A new policy is making it harder than ever for active B-A students to use drugs or tobacco, but kids are questioning whether that this is completely a good thing.
“Personally, I see to some extent it is necessary. I’m not saying that the school is filled with a bunch of drug addicts, but if we’re letting a mass amount of young people into a common place, there’s always that threat. Though, I don’t think it has to be done as much as it has been lately,” said senior Travis Luensmann.
Students at B-A have been subject to random drug tests since 2017, but as of the new school year the district has implemented nicotine testing via a saliva test.
“Our policy states that we could test up to 12 times per year for up to 10% of the pool of students who signed the consent form. However, we typically test 10 students each time we bring the testing company into the school. On average we test 4 times a year,” said BAHS principal Mr. Richard Schreier.
Students at B-A who are in voluntary extracurricular activities must sign the consent form in order to participate in their activity. “ The program does not limit academic programming at the school district,” said, Mr. Schreier.
Drug testing isn’t cheap. On average a 5 panel screening at a clinic is 75$-189$ per person. Drug testing at B-A isn’t cheap either. Mr. Schreier said that he budgets annually for the program. “I currently budget $3500 annually to cover the cost associated with the random drug testing program,” he said.
Drug testing students has been a touchy subject for awhile and somewhat controversial.
The move falls in line with trends across the country. In June 2002, the U.S. Supreme Court broadened the authority of public schools to test students for illegal drugs. The court ruled to allow random drug tests for all middle and high school students participating in competitive extracurricular activities. The ruling greatly expanded the scope of school drug testing, which previously had been allowed only for student athletes, according to drugabuse.org.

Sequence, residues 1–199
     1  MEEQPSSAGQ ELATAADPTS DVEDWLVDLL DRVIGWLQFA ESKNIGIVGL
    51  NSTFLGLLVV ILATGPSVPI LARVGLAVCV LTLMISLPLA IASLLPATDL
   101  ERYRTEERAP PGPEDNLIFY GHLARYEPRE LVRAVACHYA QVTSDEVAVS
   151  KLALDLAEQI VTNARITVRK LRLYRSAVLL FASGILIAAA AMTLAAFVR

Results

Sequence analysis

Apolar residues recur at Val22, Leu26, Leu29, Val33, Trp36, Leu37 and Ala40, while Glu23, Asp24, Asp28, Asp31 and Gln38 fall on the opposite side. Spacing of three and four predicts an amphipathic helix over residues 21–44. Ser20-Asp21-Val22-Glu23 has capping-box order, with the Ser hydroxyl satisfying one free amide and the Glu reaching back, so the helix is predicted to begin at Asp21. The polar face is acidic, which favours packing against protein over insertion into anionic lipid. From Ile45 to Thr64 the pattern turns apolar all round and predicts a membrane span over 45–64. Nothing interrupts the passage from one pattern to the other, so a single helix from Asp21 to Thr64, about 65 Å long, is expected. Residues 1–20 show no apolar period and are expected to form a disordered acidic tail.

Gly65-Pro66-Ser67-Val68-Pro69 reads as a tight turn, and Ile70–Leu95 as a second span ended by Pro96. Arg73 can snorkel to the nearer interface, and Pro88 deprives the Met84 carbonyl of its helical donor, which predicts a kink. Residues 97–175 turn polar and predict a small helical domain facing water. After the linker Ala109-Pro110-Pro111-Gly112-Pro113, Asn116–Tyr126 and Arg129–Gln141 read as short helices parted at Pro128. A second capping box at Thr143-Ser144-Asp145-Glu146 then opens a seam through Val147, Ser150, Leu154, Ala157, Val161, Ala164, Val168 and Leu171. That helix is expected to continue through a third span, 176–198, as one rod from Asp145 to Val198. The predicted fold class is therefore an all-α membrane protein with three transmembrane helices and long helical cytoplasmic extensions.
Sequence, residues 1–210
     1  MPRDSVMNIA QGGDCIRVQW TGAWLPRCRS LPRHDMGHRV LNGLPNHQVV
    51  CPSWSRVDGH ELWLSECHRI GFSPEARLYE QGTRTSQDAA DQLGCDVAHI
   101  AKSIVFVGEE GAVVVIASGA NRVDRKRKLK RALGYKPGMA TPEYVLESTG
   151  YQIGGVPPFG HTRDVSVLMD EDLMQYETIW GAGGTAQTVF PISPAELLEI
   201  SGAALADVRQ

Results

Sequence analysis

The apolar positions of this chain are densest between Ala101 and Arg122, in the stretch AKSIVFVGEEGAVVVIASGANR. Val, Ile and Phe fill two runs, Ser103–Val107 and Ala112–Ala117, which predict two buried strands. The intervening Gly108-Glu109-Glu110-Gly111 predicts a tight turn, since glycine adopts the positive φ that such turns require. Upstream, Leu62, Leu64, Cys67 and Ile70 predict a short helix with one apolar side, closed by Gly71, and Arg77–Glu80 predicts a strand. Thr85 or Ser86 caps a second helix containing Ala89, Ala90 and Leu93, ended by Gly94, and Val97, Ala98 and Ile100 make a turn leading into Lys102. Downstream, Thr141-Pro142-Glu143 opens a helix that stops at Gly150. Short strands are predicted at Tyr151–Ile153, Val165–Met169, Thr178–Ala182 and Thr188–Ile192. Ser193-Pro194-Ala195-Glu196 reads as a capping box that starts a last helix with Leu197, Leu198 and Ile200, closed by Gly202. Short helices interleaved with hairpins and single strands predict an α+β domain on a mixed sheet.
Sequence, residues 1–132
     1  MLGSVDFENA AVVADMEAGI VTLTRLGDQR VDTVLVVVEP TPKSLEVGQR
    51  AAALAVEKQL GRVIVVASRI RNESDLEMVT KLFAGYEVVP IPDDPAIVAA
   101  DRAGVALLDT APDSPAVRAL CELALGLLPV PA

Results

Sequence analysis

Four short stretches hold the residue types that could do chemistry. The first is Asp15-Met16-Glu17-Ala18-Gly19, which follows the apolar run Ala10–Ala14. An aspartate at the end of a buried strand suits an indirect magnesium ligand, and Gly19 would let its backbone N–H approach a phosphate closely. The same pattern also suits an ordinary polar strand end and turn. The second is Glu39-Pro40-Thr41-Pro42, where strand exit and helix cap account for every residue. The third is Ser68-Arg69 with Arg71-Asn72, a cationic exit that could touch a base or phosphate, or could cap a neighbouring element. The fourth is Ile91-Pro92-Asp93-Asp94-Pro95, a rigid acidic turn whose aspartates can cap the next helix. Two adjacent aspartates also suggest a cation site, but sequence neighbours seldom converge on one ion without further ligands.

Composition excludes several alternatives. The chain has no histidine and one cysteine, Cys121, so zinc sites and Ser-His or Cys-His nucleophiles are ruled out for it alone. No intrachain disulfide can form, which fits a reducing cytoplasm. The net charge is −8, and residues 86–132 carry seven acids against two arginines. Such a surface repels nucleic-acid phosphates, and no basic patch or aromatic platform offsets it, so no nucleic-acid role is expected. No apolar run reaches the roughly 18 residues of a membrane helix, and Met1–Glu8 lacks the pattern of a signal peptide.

“I feel like it is only being done because it’s in the news so much, and being debated constantly,” said Luensmann.
More than 1 in 4 high school students and about 1 in 14 middle school students in 2018 had used a tobacco product in the 30 days prior to taking the survey. This was a considerable increase from 2017, which was driven by an increase in e-cigarette use. E-cigarette use increased from 11.7% to 20.8% among high school students and from 3.3% to 4.9% among middle school students from 2017 to 2018, reports from the Center for Disease Control and Prevention (CDC).
Luesnamann said the policy of targeting students involved in extra-curriculars was not fair.
“The risk and threat is out there for everyone, not just athletes and people in extracurriculars,” he said. “It seems that those people being tested are being profiled compared to everyone else.”
Luenamann said students hear the stories from kids who get tested and said it makes them uncomfortable. The process has students provide a urine sample on the spot and a saliva swab test for nicotine.
Some students don’t like the fact that it singles them out from their classmates.
“It makes me uncomfortable in a way. I don’t like being pulled away from class. Everyone knows when people are being tested, and I don’t like that attention in general,” said senior Lincoln Boyer.
With the new version of nicotine testing it does open a new debate. For example, why should students who are 18 being tested go through a drug counseling program if what they are doing is legal.
“If it is legal and is not being used on school grounds, I don’t understand why people would get in trouble or be tested at all for nicotine in general if they were 18,” said Boyer.
On the other side athletic director Mr.Charlie Burch thinks it is a great system.
“I feel that drug testing is a great way to hold students accountable and possibly create positive peer pressure as well as self awareness due to potentially impacting a sport. Extra-curriculars are a privilege beyond the general population and student athletes must abide by the standards,” he said.
Fifteen states—California, Connecticut, Delaware, Hawaii, Illinois, Maine, Maryland, Massachusetts, New Jersey, New York, Ohio, Oregon, Utah, Vermont and Washington— as well as the District of Columbia have taken an important step to protect their kids from this threat by raising the minimum age of sale for tobacco products to 21. Three additional states, Arkansas, Texas and Virginia, have also raised the sales age to 21, but provisions in these laws will make the age increase less effective. Currently the law hasn’t been changed nationally. In Pennsylvania it is still legal to purchase tobacco products at the age of 18.
“I think that random drug testing could be necessary sometimes, but I don’t think they should be a priority. I have been tested once before,” said Boyer.